GE frame 9e speed fluctuation during crank mode (gas turbine purge)

Good afternoon, at the moment we are commissioning a GE frame 9e gas turbine, and during the crank mode (purge of GT), the turbine speed fluctuates from 475 to 541 rpm. Contractors insist that this is normal, we tell them the speed is not stable during gt purge (crank mode)(475-541rmp) and it is not ok. Could you please help us if this is normal or not and how to prove it to the contractor. Also, when the speed reaches 541 rpm, the 20tu valve energizes and relieves pressure. when the speed reaches 475 rpm the valve closes and the speed increase begins, and so the speed of the turbine floats from 475-541. Are there any documents that describe this in detail. URGENT!!!

Good afternoon,

Do you have a clear picture of what should going on ? What should be " purge speed " ? 20%of rated speed ?

I have a diagram explaining well startup curves ..
You need to ask the GE-design Frame 9E experts at GE Belfort, or the packager/supplier of the turbine-generator. We don’t know what kind of starting means the unit employs or the logic that’s required to make it work as designed. GE Belfort have ultimate responsibility for this Frame-size equipment, but licensed packagers (e.g., BHEL) have some leeway in auxiliaries like starting means. As long as the auxiliaries meet the guidelines for machine operation and protection.

GE Belfort have used some different methods of controlling purge speed and monitoring/limiting starting motor current draw. This doesn’t seem to be the case and if the unit uses a motor-operated torque adjustor on a Voith variable output torque converter what you describe seems to be abnormal operation, which should be smooth acceleration to purge speed (which wasn’t usually a set speed, per se, but the speed that corresponded to approximately 150-169% of rated starting motor current), some time above a minimum purge speed (in RPM) and a smooth deceleration to less than 9.5% speed and a slow acceleration up through 10% speed at which point the firing sequence would begin.

It would be necessary to see all of the application code and the P&ID for the starting means system and the torque adjustor drive motor schematic to say for sure how the machine was intended to operate—but what you are describing doesn’t seem normal based on past practices. It might’ve also be misadjustment of the torque adjustor limit switches (though GE Belfort seems to be trying to eliminate them) or a problem with the application code that controls the torque adjustor. But we would need a lot of information to say for sure.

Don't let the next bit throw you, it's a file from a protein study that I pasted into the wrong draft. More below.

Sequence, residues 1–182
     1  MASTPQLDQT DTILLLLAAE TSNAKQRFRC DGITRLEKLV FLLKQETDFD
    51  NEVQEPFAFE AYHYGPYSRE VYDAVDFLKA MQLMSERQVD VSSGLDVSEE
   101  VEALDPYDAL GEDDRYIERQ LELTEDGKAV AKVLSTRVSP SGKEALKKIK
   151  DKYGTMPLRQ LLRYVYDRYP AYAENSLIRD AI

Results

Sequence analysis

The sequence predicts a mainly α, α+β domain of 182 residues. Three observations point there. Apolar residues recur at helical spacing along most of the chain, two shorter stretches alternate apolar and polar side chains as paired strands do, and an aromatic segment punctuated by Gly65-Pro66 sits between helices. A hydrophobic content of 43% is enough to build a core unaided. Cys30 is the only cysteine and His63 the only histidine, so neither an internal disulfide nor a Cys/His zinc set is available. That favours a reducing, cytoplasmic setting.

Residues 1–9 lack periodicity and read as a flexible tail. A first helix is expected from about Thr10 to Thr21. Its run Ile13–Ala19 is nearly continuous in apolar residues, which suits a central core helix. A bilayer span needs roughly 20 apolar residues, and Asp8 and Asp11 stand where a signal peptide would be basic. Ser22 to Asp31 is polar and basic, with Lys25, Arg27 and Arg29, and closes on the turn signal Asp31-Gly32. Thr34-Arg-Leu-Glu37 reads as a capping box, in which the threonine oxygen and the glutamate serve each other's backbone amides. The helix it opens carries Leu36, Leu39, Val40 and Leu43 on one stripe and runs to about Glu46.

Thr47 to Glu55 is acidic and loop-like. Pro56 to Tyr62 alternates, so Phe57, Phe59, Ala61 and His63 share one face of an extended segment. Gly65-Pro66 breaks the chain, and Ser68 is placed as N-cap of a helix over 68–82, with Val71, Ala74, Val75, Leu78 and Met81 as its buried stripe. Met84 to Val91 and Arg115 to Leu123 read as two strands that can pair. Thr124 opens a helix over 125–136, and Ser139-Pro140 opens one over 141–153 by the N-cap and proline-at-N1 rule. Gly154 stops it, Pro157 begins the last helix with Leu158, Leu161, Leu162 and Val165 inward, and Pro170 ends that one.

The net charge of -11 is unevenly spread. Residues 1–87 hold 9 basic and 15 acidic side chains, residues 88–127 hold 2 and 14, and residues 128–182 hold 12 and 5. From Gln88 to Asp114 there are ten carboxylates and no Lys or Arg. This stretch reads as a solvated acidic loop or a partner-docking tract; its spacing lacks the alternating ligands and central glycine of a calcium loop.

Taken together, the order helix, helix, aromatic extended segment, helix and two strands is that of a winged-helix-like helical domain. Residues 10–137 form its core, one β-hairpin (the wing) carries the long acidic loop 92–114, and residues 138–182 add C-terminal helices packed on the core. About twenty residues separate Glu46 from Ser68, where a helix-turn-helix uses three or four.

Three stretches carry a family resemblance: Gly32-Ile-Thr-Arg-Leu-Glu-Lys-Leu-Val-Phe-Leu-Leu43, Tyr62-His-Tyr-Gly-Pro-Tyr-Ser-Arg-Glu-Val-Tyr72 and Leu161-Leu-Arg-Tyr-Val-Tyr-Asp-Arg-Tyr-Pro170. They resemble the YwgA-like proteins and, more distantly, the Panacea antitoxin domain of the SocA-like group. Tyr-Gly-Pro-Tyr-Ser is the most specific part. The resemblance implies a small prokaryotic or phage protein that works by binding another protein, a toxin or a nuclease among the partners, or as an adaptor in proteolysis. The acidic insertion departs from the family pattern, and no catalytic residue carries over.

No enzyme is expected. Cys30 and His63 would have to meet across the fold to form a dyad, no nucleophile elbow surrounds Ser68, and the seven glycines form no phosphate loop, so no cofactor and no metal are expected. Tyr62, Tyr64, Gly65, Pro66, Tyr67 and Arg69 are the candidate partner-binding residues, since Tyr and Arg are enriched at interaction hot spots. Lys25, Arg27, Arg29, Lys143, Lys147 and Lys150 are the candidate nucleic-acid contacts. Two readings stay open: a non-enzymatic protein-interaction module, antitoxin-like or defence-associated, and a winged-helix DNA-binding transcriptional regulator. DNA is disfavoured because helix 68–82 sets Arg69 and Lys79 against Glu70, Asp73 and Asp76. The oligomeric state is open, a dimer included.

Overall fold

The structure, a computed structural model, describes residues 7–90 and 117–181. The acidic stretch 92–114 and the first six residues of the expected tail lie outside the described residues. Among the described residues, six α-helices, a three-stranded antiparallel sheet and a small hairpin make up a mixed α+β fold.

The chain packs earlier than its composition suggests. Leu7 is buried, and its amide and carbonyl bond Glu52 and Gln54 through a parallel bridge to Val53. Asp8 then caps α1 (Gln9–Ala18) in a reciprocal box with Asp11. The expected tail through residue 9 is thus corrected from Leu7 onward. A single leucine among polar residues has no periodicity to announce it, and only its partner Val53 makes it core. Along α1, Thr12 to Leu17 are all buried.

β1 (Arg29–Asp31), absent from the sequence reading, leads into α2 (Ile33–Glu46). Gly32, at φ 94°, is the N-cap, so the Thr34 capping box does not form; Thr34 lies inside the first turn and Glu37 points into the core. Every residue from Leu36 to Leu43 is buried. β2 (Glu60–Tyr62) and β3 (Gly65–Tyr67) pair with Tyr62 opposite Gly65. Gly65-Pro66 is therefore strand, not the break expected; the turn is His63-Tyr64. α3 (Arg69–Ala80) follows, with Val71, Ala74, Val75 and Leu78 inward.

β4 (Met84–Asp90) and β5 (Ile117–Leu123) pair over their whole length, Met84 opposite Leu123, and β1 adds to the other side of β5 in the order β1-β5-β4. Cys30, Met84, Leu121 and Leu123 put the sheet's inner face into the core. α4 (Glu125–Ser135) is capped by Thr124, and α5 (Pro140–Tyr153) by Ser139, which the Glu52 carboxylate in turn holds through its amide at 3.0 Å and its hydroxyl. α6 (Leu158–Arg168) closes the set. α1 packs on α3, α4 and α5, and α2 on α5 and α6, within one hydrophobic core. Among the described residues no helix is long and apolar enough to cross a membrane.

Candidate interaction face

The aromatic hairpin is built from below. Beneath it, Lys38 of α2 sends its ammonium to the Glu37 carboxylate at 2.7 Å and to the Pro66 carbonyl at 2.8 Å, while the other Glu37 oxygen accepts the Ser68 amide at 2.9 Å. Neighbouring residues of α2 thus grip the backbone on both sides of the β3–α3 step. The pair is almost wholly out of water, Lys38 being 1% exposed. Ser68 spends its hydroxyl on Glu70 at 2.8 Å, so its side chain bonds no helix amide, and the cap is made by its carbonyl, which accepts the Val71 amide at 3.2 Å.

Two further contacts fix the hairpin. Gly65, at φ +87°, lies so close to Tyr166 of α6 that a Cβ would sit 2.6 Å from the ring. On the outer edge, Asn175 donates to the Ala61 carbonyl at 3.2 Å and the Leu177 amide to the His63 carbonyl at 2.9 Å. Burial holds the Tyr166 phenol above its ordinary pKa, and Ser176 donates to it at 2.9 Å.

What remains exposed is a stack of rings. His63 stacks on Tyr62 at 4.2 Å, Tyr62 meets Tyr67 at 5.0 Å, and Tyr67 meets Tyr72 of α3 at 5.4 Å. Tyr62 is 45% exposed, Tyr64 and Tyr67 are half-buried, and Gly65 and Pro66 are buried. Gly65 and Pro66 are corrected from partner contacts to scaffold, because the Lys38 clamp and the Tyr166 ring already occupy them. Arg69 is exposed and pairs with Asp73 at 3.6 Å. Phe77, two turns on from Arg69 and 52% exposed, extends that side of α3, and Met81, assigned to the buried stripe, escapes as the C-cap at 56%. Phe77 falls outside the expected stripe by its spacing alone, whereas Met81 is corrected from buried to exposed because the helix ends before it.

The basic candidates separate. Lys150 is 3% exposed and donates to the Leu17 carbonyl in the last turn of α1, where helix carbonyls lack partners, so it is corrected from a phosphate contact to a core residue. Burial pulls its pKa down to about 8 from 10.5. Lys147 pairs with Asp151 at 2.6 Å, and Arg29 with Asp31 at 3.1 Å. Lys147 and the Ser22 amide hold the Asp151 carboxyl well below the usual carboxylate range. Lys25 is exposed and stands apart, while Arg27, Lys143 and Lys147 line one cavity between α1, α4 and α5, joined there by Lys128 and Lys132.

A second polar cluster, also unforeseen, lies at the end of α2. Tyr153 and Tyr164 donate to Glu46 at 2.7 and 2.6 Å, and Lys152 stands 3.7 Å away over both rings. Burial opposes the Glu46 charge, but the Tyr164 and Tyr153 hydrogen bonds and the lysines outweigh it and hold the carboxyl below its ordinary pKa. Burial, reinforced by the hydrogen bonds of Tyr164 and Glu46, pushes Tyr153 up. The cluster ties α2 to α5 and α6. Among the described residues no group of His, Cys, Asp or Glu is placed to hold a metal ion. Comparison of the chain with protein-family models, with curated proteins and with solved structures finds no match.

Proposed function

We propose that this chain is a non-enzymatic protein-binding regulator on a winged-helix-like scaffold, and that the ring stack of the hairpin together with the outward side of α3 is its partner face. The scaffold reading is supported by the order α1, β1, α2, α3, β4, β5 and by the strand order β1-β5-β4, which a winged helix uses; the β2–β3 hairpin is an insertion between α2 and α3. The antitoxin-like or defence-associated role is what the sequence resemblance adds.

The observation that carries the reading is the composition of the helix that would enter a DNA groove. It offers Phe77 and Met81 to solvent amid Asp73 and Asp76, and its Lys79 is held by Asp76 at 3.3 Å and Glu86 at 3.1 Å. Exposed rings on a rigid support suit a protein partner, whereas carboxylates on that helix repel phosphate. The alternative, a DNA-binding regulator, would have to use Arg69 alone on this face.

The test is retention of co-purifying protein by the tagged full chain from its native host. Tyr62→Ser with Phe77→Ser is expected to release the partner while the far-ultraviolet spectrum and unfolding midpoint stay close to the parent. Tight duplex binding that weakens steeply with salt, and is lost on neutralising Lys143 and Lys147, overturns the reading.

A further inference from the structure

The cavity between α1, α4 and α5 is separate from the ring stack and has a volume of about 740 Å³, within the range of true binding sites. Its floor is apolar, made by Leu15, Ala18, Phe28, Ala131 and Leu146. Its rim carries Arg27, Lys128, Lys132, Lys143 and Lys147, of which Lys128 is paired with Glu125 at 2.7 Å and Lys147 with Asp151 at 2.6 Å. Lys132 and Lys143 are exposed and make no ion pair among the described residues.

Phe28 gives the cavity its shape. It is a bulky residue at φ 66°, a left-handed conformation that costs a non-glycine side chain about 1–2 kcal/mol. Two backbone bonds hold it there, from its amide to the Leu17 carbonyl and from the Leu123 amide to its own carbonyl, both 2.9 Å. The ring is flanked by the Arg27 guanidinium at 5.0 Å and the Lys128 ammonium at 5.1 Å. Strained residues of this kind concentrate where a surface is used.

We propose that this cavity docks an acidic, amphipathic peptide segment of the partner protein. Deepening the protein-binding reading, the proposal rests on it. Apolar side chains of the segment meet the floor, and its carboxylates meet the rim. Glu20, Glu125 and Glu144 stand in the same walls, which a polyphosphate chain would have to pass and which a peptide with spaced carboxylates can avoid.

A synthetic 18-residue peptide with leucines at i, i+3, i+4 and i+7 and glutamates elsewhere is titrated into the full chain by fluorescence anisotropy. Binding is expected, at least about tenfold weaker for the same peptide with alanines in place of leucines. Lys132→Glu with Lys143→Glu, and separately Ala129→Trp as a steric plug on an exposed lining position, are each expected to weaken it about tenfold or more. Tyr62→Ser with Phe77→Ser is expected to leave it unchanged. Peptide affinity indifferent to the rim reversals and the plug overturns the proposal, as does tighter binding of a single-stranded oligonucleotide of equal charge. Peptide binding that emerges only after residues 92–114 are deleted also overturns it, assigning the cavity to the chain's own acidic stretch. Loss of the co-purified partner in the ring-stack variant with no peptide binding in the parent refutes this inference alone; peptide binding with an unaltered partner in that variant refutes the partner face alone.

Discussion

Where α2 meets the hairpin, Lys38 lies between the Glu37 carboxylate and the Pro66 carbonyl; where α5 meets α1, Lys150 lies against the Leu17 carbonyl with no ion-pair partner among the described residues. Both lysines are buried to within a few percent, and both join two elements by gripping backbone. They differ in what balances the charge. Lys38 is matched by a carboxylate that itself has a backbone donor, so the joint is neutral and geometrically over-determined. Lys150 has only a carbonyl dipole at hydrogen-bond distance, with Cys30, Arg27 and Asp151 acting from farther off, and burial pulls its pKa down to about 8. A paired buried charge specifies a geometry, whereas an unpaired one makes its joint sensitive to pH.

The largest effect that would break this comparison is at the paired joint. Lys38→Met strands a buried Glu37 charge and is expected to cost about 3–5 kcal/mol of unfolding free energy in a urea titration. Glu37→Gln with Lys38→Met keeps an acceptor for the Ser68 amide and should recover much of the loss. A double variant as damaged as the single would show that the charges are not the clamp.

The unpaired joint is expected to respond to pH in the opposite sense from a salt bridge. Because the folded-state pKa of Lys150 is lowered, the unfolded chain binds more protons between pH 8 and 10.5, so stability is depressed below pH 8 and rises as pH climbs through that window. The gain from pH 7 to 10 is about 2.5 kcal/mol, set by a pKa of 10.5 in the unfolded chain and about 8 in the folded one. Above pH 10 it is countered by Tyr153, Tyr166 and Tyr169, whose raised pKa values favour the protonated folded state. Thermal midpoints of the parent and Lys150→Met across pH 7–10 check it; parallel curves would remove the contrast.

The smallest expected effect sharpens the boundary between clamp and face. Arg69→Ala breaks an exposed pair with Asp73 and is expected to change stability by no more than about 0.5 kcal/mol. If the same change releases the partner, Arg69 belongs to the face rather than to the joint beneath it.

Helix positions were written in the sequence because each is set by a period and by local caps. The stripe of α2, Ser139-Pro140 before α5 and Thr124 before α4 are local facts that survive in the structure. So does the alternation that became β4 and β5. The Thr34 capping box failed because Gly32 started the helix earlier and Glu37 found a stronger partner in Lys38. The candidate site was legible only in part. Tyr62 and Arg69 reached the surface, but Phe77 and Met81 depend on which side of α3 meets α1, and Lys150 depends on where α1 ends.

GE hasn’t really been properly training field service/commissioning personnel for a few years now. GE Belfort, in their defense, usually does a reasonably good job of producing good Operation & Maintenance Manuals and the Starting Means section should have a good description of how the sequence should progress. But, they are not always consistent.

We wish you much luck!
Without being able to see the Starting Means P&ID for this machine we can’t tell if 20TU-1 should be energized or de-energized during breakaway, acceleration to purge speed, during and after successful firing and during acceleration. My belief is 20TU-1 should be energized only when torque is to be transmitted from the starting means to the turbine-generator shaft (as described above) and de-energized at other times, mostly as a fail-safe measure to prevent applying torque to the shaft in the event of failure of the solenoid or the control system.

But—that’s just an educated guess without being able to see the Starting Means P&ID.

If you can’t convince the commissioning personnel that the data in the graph is indicative of a problem then you should probably ask for a meeting with the turbine-generator packager and the commissioning personnel manager to discuss how to move forward with resolving the issue of how to achieve and maintain firing speed during purge time—as well as after firing so the machine will accelerate properly. ‘Cause it don’t look promising to even fire and if it does fire then how is it going to accelerate to self-sustaining speed and eventually to FSNL (Full Speed-No Load)?

We don’t often get feedback about issues like this; some B.S. explanation is made and the application code gets corrected and people are just so happy to continue with commissioning that we just never hear what really happened. So—PLEASE write back to let us know how the problem was resolved.

[If this is truly an application code problem the question in my mind is: Why wasn’t this identified and corrected during software tests after the modification was made to prove it was correct? If the starting means is typical of what GE provided for decades, complete with proven application code, why the HELL was the application code changed??!?!! And why wasn’t it tested before it was sent to the field?]